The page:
Gerrymandering Effects May be Seen 06/25 13:38
(AP) -- When voters cast ballots for state representatives last fall,
millions of Americans essentially had no choice: In 42 percent of all such
elections, candidates faced no major party opponents.
Political scientists say a major reason for the lack of choices is the way
districts are drawn --- gerrymandered, in some cases, to ensure as many
comfortable seats as possible for the majority party by creating other
districts overwhelmingly packed with voters for the minority party.
"With an increasing number of districts being drawn to deliberately favor
one party over another --- and with fewer voters indicating an interest in
crossover voting --- lots of potential candidates will look at those previous
results and come to a conclusion that it's too difficult to mount an election
campaign in a district where their party is the minority," said John McGlennon,
a longtime professor of government and public policy at the College of William
& Mary in Virginia who has tracked partisan competition in elections.
While the rate of uncontested races dipped slightly from 2014 to 2016, the
percentage of people living in legislative districts without electoral choices
has been generally rising over the past several decades.
About 4,700 state House and Assembly seats were up for election last year.
Of those, 998 Democrats and 963 Republicans won without any opposition from the
other major political party. In districts dominated by one party, election
battles are fought mostly in the primaries; the winner from the majority party
becomes a virtual shoo-in to win the general election.
Some states had a particularly high rate of uncompetitive races:
---In Georgia, just 31 of the 180 state House districts featured both
Republican and Democratic candidates, a nation-high uncontested rate of 83
percent. Republicans hold almost two-thirds of the seats in the Georgia House
---In Massachusetts, just 34 of the 160 state House districts had candidates
from both major parties, an uncontested rate of 79 percent. There, Democrats
hold four-fifths of the House seats.
---About 75 percent of the state House races in Arkansas and South Carolina
lacked either a Democratic or Republican candidate. Under an Arkansas law
passed this year, the names of unopposed candidates won't even have to be
listed on future ballots. Unchallenged candidates will automatically be
declared the winners.
Voting for unopposed candidates "just seems like an extra step in the
process that we could eliminate," said the sponsor of the Arkansas law, Rep.
Charlotte Douglas, who hasn't faced any opposition the past two elections.
She added: "You hate to say that it doesn't count, because any vote counts,
but it's unnecessary."
There are far fewer uncontested U.S. House races. Less than 15 percent of
the 435 districts lacked a Republican or Democratic candidate last year.
But some of the same states were atop that noncompetitive list: Five of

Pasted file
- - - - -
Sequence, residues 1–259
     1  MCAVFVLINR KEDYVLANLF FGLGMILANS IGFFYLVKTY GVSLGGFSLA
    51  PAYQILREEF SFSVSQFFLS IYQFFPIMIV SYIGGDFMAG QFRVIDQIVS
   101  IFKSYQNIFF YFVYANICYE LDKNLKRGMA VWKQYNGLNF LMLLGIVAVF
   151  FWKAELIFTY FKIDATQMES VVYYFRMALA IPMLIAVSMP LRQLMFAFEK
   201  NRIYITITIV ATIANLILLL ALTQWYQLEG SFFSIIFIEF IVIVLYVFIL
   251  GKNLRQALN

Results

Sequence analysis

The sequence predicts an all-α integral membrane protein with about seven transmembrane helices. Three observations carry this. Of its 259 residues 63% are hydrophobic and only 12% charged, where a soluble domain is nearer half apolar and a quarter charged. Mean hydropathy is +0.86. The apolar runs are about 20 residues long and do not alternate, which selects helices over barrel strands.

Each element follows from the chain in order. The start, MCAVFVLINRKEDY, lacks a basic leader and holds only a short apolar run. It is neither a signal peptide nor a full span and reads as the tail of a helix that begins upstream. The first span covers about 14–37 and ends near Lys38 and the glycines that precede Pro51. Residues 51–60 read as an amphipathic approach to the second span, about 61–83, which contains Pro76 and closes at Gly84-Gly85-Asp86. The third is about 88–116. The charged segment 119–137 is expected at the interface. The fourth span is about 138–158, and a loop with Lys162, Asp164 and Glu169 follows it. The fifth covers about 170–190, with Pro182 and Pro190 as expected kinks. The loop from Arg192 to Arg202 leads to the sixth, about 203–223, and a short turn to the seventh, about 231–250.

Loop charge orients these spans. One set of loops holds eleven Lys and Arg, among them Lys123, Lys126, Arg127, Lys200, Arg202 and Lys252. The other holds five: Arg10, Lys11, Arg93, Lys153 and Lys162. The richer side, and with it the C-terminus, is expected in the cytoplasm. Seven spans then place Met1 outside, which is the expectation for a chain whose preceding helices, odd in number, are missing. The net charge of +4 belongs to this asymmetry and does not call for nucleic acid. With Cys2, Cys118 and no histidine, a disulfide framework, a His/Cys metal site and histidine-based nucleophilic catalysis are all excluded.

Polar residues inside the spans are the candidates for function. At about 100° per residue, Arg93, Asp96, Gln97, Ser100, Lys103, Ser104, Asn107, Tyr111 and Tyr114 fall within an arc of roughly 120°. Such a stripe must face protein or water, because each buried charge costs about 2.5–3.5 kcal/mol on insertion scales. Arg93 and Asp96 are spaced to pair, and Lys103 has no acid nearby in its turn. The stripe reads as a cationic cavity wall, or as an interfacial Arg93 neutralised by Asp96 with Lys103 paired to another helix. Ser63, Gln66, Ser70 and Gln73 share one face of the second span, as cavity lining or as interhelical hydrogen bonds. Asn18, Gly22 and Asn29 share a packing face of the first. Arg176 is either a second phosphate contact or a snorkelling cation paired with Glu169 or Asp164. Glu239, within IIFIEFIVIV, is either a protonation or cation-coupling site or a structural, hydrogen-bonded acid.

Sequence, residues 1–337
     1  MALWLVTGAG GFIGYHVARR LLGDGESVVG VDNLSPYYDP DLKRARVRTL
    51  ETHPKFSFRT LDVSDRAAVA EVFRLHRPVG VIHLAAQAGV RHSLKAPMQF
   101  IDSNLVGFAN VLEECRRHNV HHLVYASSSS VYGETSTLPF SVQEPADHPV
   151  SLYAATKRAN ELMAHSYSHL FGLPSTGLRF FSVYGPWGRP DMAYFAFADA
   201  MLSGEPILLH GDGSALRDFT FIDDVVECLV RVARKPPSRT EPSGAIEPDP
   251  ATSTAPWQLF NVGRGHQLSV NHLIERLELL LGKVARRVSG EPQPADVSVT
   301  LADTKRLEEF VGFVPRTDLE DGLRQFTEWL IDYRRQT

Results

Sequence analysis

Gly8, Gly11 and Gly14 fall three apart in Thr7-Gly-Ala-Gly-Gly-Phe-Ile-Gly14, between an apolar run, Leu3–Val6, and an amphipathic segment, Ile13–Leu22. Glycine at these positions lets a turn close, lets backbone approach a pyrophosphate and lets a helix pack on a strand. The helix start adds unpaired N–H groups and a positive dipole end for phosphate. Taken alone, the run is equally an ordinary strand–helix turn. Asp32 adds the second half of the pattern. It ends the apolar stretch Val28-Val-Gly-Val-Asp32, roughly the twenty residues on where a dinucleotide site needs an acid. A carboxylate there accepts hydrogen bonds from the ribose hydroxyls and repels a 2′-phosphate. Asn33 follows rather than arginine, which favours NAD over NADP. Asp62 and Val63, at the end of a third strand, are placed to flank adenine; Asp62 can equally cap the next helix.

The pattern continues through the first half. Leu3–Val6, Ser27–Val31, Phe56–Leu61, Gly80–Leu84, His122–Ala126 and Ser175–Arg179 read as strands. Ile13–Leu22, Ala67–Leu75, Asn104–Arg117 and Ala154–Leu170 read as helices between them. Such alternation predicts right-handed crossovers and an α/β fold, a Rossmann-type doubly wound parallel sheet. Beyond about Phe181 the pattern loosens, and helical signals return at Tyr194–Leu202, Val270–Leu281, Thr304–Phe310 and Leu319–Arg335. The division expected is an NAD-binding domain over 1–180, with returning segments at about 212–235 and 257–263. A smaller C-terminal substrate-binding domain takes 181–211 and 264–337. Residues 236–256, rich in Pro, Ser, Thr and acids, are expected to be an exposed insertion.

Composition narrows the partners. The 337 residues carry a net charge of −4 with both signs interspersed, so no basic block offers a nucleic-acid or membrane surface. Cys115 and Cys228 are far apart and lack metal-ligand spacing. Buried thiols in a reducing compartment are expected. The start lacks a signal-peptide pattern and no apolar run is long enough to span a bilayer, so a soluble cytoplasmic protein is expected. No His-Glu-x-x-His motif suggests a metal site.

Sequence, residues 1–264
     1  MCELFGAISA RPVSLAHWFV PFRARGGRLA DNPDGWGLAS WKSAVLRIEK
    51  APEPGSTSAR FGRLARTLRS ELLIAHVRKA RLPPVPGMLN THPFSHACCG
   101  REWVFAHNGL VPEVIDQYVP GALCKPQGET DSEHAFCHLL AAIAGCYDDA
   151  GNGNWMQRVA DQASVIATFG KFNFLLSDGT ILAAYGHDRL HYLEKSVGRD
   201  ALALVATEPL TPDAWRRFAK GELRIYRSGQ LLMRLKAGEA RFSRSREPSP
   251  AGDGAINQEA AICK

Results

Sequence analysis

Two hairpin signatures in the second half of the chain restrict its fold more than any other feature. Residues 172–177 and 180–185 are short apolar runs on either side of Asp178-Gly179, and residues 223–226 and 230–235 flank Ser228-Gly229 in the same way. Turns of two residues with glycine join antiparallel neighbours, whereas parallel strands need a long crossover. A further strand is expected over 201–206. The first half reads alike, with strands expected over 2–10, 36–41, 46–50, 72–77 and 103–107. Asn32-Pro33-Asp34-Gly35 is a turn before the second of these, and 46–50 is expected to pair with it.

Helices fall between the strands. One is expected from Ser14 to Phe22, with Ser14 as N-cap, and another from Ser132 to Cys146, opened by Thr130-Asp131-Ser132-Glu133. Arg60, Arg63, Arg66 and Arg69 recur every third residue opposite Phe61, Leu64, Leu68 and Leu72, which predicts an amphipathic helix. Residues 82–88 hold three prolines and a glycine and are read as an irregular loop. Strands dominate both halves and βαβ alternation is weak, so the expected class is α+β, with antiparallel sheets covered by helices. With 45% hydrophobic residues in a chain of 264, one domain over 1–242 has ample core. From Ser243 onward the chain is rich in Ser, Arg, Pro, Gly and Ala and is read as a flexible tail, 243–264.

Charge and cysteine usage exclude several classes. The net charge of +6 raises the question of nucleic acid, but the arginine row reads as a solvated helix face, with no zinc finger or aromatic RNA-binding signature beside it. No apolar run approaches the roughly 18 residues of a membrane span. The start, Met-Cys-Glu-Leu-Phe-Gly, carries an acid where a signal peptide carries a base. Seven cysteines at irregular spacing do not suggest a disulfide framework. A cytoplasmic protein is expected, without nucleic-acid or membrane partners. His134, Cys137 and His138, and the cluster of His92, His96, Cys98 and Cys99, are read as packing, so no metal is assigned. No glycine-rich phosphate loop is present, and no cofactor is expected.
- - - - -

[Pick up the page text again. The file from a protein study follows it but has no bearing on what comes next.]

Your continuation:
Massachusetts' nine U.S. House districts lacked Republican candidates. Three of
Arkansas' four districts lacked Democratic opponents. And in Georgia, which has
14 U.S. House districts, four Republicans and one Democrat ran unopposed by the
other major party.
There are reasons for unopposed elections aside from gerrymandering. Some
states, particularly in the South, have political cultures that place less
importance on partisan competition. Incumbency also poses a deterrent to
University of Georgia political science professor Charles Bullock said the
large number of uncompetitive districts in his home state may be due less to
gerrymandering than to naturally segregated demographics, with
Democratic-inclined black residents living in different areas than
Republican-leaning white voters.
Yet Georgia's Republican-led Legislature has continued to tinker with the
district lines they drew after the 2010 Census in what some Democrats contend
is an attempt to lessen competition.
A 2015 law, which was recently challenged in court , altered the boundaries
of 17 Georgia House districts, including two narrowly won by Republicans the
This year, Georgia Republicans again sought to change the boundaries of
several state House districts, including a couple won by Republicans by
single-digit margins last November. Some of the proposed shifts sought to move
heavily black precincts --- where voters overwhelmingly support Democrats ---
from Republican-held districts into ones occupied by Democrats. Although the
bill passed the House, it died in the Senate.
Republican House Speaker David Ralston has said lawmakers were merely
"trying to put communities of interest together." Democratic House Whip Carolyn
Hugley criticized it as gerrymandering intended to create safer Republican
"Every time our candidates get close to winning in these areas, then they
come in to readjust them. It's the same as moving the goal post further and
further back," Hugley said.
Several Democratic Georgia lawmakers teamed up with Republican state Sen.
Josh McKoon this year to propose a constitutional amendment creating a
bipartisan citizens' redistricting commission. But the measure never made it
beyond a House or Senate committee.
McKoon said Georgia's current redistricting process "is horribly broken" and
believes a commission could draw more logical boundaries.
"When you're drawing the districts with an eye to representing communities
of interest rather than partisan strength, you're going to have more
competitive districts," he said.